As for other Hele work I know: Exeter St David's has a good 3man Hele but it has had some alterations and no tuba; Sacred Heart Exeter, anothe fine Hele with another very fiery gt Trpt and one of the best ped trombones-absolutely life-like. In Cornwall there is All Ss, Falmouth; again a little altered but a lot of original good Hele work. The aoustic in there is large and plays tricks. It is behind the ch stalls on the Sth side in a transept of this long tall building. It doesn't sound too big here at all but near the back of the church the ch clarinet sounds HUGE and so woody, also the sw diap sounds like it should be the gt no1 diap!

 

Well I better stop now. Hope that's of some interest!

 

F-W

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Two things I forgot to mention in my above post:

 

Apparently the organ at All Ss Falmouth was a favourite of G Ormond, organist at Truro cathedral from c1929-1971.

 

At St John's, Pz until J Retallack retired sometime in the late 1990s there had only been 3 organists in the church's history, butthe first I have never been able to verify. Perhaps someone here might know?

 

When the church opened in 1881 it is said that the organist was a Dr Air(e)y who wasn't around that long-perhaps a year or two and then left the area to go to Romsey Abbey. IS this true?-I don't know. He was succeeded by Mr George Sellers who was succeeded by J Retallack in 1955. Quite a record really!

 

F-W

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Thank you so much for this fascinating background. And thank you for setting me right about the Penzance churches. I now recognise that it was indeed St Mary's that I was thinking of with the loud organ.

The problem with St. Mary's is not just that it's staggeringly loud, but also that the balance is problematic - the Swell Clarion is as loud as the Tromba, for instance. The choir is in a gallery next to the console on the south side of the organ (itself on a west end gallery) and accompaniment is a very tricky business, given the proximity of the organ and the distance from singers to congregation.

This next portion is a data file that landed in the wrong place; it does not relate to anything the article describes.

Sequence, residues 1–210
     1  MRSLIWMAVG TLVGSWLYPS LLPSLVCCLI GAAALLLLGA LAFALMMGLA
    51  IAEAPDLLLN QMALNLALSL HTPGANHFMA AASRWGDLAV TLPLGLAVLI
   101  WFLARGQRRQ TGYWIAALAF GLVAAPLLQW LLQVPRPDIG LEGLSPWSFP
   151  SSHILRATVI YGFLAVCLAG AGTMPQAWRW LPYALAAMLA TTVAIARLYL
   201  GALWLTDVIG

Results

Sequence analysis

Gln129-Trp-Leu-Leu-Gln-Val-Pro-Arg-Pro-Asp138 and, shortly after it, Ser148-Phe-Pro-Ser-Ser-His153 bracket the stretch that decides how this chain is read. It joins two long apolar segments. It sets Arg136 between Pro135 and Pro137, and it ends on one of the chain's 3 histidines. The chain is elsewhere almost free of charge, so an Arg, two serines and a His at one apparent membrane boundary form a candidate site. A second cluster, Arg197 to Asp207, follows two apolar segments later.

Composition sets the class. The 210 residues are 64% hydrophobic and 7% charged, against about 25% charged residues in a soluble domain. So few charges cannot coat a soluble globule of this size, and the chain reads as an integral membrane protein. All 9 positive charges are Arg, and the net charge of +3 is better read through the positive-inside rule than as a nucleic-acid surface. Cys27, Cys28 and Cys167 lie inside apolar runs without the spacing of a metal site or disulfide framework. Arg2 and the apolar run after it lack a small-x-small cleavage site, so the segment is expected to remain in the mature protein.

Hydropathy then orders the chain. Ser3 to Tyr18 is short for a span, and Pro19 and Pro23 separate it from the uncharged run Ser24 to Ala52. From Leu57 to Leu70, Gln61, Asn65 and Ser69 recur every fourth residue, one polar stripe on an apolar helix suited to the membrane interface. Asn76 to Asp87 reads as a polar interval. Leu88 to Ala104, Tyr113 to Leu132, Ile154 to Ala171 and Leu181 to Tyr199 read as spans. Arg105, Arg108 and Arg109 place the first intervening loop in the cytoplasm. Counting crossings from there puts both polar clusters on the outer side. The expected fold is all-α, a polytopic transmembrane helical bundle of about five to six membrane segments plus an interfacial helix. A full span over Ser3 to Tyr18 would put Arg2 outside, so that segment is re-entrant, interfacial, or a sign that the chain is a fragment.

At St John's, Pz until J Retallack retired sometime in the late 1990s there had only been 3 organists in the church's history, butthe first I have never been able to verify. Perhaps someone here might know?

I can't verify it, but I was organist there for a year 2004-5, and was given to understand that this had been the case.

 

I must admit that I found the instrument very frustrating. The (fairly recent - 1990s?) electric part of the EP action was very uneven and unreliable, as was the winding, and some of the voicing (particularly the muddy Swell and totally unblending Choir upperwork/Nazard) was fairly unmusical. The instrument needs a thorough overhaul and work to take the voicing back to the original standards. Can't comment on the Trombone as it was far too loud with the little door to the console open, but with the door closed, you can't hear the pedal fluework!

 

St. John's is a beautiful building, but the Low Church ethos has led to carpet, padded chairs, worship songs etc. which has killed off a good part of a very promising acoustic.

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Do you mean that the Trombone is extended from the Choir Tuba (which I note is borrowed on the Pedal)?

No. The console on this instrument is accessed by means of a passageway from the rear, emerging through a little door in the casefront. The Trombone is located next to the passage just inside the door, but the pedal fluework is buried at the back of the organ. To stand a chance of hearing the fluework in balance, the door needs to be open, thus leading to Trombone-induced deafness when drawn.

 

IMHO the Tuba was no different than a thousand others in similar instruments, and had no particular Hele-like characteristics (beyond its general bland dullness :rolleyes: ), even supposing that it was Hele pipework. The instrument was originally Heard of Truro, and the most recent rebuild by Lance Foy was paid for privately by Retallack, the last of the long-serving organists.